“I’ve always been determined to play music, and to try to earn a living playing music,” Branford says. “However successful things were, I always try to remember that I’m doing it because it’s my passion. There’s a lot of cool things that have happened independent of me—a lot of great musicians, a lot of great bands. I’ve been fortunate to be able to play with some really great people.”

Branford moonlights—or daylights, more accurately—as a design visualization specialist at Penn State’s Huck Institutes of Life Sciences.

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Ted McCloskey ’90

A bandmate of Branford’s in Sideshow Bob, Ted McCloskey is the most prolific songwriter on the scene: His most recent album, 2016’s Last Flower Standing, was his ninth since 2002. He’s also got a new record coming out this year with Countermine, who refers to him as her “musical husband.”

McCloskey’s band the Hi-Fi’s might just boast the most connective tissue on the scene: Both Countermine and Branford are part of the regular lineup, as is bassist Rene Witzke, who is both Countermine’s actual husband and a former member (with Mark Ross) of Queen Bee and the Blue Hornet Band.

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My Hero Zero

The kings of the current party scene, MHZ are paced by Jason Olcese ’06, who recorded an album for his undergraduate thesis in the Schreyer Honors College. Music has long been the focus for Olcese, aka “Jason O,” who says he left rural Northeast PA for State College because “with 40,000 students, there had to be somebody to play music with.”

He found those collaborators with My Hero Zero, whose lineup includes fellow alums Mike Lee ’95, Greg Folsom ’95, and Jordan Thompson ’13. Their trademark sound relies on uptempo covers that get—and keep—the crowd moving.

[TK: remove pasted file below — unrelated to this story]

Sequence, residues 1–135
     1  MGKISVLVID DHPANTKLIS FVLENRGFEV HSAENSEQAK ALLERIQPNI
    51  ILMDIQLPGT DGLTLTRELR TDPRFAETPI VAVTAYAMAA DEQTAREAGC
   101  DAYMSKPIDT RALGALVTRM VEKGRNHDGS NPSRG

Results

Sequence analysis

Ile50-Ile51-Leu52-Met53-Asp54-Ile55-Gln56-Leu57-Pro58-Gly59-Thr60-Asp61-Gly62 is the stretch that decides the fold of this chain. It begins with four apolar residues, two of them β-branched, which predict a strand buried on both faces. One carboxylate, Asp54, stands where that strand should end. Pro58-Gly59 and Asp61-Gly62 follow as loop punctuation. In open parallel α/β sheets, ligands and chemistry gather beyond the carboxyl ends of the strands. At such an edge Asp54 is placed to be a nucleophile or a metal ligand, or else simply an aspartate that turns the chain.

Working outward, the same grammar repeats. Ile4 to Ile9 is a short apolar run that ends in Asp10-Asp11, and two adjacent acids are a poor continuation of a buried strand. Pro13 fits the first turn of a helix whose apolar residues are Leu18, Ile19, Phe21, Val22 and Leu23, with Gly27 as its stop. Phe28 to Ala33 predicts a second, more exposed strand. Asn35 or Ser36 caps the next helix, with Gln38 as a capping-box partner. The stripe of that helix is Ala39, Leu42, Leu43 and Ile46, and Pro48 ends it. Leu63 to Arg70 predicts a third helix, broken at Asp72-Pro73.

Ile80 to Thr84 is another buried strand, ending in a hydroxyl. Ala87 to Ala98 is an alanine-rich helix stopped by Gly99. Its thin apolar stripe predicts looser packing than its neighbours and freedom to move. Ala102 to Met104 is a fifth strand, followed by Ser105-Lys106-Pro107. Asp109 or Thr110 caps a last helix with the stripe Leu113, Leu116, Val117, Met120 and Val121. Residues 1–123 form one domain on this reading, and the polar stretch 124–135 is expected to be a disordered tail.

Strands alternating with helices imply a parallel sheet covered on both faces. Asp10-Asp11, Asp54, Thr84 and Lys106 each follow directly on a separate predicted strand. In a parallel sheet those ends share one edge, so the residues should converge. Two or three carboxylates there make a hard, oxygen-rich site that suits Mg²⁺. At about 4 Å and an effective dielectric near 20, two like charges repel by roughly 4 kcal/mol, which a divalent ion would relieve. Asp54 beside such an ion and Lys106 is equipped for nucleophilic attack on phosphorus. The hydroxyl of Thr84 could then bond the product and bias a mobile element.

In addition to regular gigs at the Phyrst, downtown Champs, and the Jersey and Delaware beach scene, MHZ are also longtime favorites at THON. Olcese says that when the band first started playing their set in the packed BJC, “It was the most exciting thing we’d ever done, playing for that many people. But then we started getting to know some of the Four Diamonds families, and it shifted the focus from us to how we can make it all about the kids. The FTK thing really started to sink in.”

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Velveeta

The “Original Un-Originals,” proud purveyors of ’80s cheese, Velveeta seem to have mastered the obvious idea of building their act on rockin’ covers of fun, popular songs. It just so happens that the idea wasn’t all that obvious at the time. After forming as a grunge-inspired band called Broken, the band that would become Velveeta realized that playing originals would only get them so far in Central PA. So they figured they’d give it a go as a cover band—but with a twist.

“We decided to try this experiment to see if we could play these songs that nobody would touch—stuff that was considered very uncool at the time,” says bassist John Matthews ’94. “It was like fishing: You throw a certain type of bait out there and see if they bite.”